In this week’s Friday version of continental connections (I was too swamped with beginning of the semester duties to get this done earlier), I want to expand upon a couple of points that were made in posts on this blog in the last week. In her post on methodological pluralism (here), Catarina called for a conjunction of four different methodologies that, when done together, will result in a more thoroughgoing philosophical inquiry. In the comments, David Chalmers argued that there was something else besides the four methodologies Catarina listed, what he called “substantive philosophical thinking and reasoning,” or “philosophical abduction,” and he argued that it is at the core of philosophy.
I agreed and argued that what I take to be the core of philosophy, following Deleuze and others, is problematics, or the creation of concepts vis-à-vis problems. Catarina argues that problematics falls under her fourth methodology, what she calls "conceptual reflection," and she is probably right. In a follow-up comment John Protevi pointed out that a subsequent way to think of the history of philosophy would be as a genealogy of problematics, an analysis of how one problematic changed into another – e.g., how did Descartes’s problematic become Kant’s? Understood this way, the history of philosophy is not to be understood in terms of progress, and John, rightly I think, points out that this may well leave us with another point of bifurcation within philosophy, but one that spans both continental and analytic philosophies, and this would be between those who would argue for and those who would argue against progress in philosophy.
This brings me to two related points in What is Philosophy? The first is the diagram that heads this post. This diagram comes as DG set forth their first example of an important philosophical concept, in this case the Cartesian cogito. The second point is the following sentence from just a few pages before the diagram: “The concept is defined by the inseparability of a finite number of heterogeneous components traversed by a point of absolute survey at infinite speed” (p. 21). To understand what is meant by this, it is important first to know what a concept is not for DG: namely, a concept is not a list or sequence of propositions, an interrelated set of implicit inferences that can then be unpacked and made explicit through conceptual analysis. This is not to deny that such relationships are present (this is not a rejection of Brandom in other words), nor is this to argue that conceptual analysis is either unwarranted or undesirable. The assumption, however, and this connects with the point with which I began, is that something is missing: namely, problematics.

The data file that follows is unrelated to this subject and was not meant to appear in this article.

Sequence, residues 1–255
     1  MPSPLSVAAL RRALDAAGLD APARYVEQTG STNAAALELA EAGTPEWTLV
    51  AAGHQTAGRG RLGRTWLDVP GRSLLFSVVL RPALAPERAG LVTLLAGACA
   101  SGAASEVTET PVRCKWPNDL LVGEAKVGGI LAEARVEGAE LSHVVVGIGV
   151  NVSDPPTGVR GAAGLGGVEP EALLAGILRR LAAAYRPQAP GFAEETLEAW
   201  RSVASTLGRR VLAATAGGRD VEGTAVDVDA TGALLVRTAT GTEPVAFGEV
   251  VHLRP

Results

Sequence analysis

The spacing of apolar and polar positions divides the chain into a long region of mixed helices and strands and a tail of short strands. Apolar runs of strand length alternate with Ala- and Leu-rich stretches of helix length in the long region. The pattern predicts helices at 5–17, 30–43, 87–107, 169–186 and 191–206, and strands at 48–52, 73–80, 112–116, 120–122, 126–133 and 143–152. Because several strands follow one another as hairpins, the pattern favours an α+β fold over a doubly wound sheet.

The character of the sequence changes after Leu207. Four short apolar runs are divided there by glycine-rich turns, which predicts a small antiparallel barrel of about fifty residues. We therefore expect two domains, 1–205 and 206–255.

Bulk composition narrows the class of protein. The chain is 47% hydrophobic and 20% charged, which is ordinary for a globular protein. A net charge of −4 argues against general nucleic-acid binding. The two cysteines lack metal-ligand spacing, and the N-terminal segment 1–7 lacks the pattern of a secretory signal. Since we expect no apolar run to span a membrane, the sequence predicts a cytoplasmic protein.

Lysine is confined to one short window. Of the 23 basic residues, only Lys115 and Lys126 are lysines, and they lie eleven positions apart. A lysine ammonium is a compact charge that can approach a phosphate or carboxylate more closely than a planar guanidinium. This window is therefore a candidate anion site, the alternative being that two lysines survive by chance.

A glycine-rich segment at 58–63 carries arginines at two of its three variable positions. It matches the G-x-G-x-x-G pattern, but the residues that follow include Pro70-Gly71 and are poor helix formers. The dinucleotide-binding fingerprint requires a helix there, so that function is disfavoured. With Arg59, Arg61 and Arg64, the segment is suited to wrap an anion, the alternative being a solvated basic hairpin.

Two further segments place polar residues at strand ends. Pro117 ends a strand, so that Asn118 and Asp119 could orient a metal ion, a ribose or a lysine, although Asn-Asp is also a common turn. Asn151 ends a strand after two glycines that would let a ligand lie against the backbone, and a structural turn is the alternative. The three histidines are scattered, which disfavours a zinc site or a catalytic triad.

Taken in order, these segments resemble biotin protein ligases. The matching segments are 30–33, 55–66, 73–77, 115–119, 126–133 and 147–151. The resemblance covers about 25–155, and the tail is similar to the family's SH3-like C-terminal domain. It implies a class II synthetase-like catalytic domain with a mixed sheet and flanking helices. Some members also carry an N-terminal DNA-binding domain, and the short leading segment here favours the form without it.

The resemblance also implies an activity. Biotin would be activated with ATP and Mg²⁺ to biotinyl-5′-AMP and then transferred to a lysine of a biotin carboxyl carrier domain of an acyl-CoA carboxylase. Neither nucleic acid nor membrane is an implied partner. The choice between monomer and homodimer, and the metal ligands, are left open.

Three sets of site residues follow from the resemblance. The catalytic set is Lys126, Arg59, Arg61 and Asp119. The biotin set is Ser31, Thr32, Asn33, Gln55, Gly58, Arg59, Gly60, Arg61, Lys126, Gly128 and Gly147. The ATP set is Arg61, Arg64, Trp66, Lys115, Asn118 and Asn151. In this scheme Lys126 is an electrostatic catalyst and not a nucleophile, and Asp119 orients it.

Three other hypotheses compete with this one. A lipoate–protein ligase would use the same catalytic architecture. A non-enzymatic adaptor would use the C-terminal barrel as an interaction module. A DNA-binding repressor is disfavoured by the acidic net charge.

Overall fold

If a concept is not a set of inferential relations between propositions, then what is it? Deleuze and Guattari’s answer: it is “a finite number of heterogeneous components traversed by a point of absolute survey at infinite speed.” In the case of Descartes’s concept, the components of the Cartesian cogito are ‘doubting’, ‘thinking’, and ‘being’ (these are represented by the D, T, and B in the diagram). These components connect to the pre-philosophical in that everyone knows, presumably, what it means to think, be, doubt, and say “I” (and I’ve never had a problem teaching the first meditation in my intro classes). Therefore, in addressing the problem or problematic of establishing a basis for philosophy without relying upon objective philosophical propositions that might be doubted (e.g., man is a rational-animal, etc.), Descartes creates the concept of the cogito by drawing the components of doubting, thinking, and being together in relationship to what Deleuze and Guattari refer to as the pre-philosophical plane (or non-philosophy). Cogito ergo sum.
As for the infinite speeds of thought, the “point of absolute survey,” (which is represented by the I in the diagram) the infinite needs to be understood as the non-denumerable, or as not finite as Dedekind defined it. The components can be defined and discerned through analysis, through a denumerable listing so to speak, much as the white light I discussed in an earlier post can be analyzed into a number of discrete colors, but the concept itself, as with white light, is irreducible to the discrete, denumerable components. This is the sense in which a concept entails a problematic that is related to conceptual analysis but involves something more, a “substantive thinking and reasoning” or “philosophical abduction” (and one should not forget Peirce’s influence on Deleuze) that is central to the answer Deleuze and Guattari give to the question: What is Philosophy?